How MS Might Affect Sexuality
Last week we discussed various sexual dysfunction prevalent among people with MS.
This week I want to expand on the various factors that might affect sexual function.
Sexuality is influenced by physiological, psychological, cultural, and social factors – all of which are directly or indirectly affected by MS.
MS is characterized by lesions in the cerebral cortex and the spinal cord that can lead to numbness in the genitals, decreased vaginal lubrication in women, and difficulty getting or maintaining an erection in men.
Among people with MS, secondary factors do not result directly from the lesions but rather from the MS symptoms, such as fatigue, spasticity, pain, bladder, and bowel problems.
Psychosocial factors may include depression, self-confidence, and body image issues.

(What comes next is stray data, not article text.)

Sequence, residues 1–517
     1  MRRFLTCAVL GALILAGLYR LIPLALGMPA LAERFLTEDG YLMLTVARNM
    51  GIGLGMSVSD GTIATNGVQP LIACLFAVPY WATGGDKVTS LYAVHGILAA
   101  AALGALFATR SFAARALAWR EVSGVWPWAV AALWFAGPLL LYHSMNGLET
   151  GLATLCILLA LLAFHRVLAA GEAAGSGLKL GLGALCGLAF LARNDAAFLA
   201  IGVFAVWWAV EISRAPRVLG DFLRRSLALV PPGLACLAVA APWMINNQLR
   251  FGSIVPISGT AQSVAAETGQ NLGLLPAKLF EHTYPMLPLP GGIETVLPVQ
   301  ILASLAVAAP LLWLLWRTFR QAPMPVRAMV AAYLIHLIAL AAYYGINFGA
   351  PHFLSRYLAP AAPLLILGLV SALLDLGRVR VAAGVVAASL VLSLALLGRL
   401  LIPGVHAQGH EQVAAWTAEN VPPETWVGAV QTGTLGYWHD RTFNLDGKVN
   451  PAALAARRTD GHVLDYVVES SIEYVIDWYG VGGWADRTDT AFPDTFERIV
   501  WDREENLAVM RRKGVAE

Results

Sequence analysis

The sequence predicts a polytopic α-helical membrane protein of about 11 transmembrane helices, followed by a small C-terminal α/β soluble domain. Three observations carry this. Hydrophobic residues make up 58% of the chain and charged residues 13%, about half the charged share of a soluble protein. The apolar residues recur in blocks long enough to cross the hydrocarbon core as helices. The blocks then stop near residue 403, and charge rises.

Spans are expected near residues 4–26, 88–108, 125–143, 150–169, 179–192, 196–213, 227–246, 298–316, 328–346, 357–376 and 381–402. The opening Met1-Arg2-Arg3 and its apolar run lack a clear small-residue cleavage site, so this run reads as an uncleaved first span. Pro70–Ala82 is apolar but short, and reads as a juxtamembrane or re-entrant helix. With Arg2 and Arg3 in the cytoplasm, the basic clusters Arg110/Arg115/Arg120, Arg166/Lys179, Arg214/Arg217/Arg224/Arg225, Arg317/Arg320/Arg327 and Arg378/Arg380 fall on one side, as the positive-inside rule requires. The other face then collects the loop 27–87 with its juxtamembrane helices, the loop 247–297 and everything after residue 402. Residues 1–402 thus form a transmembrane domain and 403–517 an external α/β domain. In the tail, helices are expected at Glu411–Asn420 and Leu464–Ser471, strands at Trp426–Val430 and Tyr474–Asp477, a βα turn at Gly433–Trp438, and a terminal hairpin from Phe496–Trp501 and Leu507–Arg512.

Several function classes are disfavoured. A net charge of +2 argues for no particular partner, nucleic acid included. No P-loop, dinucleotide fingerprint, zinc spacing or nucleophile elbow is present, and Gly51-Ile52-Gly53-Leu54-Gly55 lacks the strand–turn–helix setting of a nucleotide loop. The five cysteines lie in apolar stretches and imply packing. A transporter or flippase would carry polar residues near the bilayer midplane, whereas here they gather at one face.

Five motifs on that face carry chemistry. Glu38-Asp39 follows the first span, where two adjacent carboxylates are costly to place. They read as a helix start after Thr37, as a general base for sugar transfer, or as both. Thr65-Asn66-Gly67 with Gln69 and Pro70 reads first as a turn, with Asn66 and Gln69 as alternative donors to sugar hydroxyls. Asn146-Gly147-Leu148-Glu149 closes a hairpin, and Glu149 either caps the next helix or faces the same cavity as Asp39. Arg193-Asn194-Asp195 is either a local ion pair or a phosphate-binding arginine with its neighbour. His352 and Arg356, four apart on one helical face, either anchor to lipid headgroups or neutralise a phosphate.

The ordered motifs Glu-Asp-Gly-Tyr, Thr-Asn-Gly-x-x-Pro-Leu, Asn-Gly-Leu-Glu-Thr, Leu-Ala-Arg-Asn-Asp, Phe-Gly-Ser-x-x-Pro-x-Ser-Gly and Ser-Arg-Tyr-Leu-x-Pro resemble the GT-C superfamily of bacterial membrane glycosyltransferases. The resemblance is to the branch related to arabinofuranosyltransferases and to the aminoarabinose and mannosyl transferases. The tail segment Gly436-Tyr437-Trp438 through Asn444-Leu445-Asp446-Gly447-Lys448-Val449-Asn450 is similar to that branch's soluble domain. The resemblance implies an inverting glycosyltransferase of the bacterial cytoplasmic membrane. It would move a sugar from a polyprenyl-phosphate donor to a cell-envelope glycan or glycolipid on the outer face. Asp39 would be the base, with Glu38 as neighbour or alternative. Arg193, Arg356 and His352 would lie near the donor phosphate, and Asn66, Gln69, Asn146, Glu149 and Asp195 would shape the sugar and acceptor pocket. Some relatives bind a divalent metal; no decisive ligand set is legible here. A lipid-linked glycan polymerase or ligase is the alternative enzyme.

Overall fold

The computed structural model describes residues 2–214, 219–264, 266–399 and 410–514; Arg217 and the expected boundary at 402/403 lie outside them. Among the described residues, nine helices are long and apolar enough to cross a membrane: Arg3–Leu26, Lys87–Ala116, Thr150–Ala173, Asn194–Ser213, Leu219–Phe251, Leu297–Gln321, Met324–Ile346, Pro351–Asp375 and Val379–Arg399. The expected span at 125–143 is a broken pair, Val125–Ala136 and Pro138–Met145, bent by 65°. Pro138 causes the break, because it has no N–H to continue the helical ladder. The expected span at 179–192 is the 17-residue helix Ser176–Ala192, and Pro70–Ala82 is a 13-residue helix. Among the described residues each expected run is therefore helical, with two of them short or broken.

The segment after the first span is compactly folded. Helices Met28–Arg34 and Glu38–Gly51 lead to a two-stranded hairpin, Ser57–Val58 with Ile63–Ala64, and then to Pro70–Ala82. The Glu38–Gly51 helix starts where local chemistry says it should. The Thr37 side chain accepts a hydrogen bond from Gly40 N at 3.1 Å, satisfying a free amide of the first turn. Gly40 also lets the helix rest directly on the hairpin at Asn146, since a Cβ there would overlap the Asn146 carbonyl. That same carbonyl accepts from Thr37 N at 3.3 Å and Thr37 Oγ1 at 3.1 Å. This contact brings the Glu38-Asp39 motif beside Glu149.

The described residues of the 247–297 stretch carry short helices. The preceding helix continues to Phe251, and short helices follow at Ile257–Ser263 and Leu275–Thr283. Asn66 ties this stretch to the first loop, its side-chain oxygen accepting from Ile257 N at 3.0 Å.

All these factors might affect relationships, intimacy, and sex.
For example, when a woman experiences vaginal dryness, it is important not to suffer in silence. Since dryness can cause painful intercourse, if not discussed, the other party will not understand why the woman is not interested in having sex, leading to frustration and problems in the relationship.
The woman, who experiences a decrease in sexual desire and a blow to her self-confidence, might experience distress and a diminished quality of life.
Receiving a recommendation from your healthcare team for water-based lubricants can easily solve the problem.
If a man has problems reaching orgasm, you can discuss sexual fantasies, prolonged foreplay, oral sex, different positions, and introducing different sex toys.
Despite the embarrassment that sometimes accompanies intimate difficulties, it is highly desirable to overcome the awkwardness and talk about it.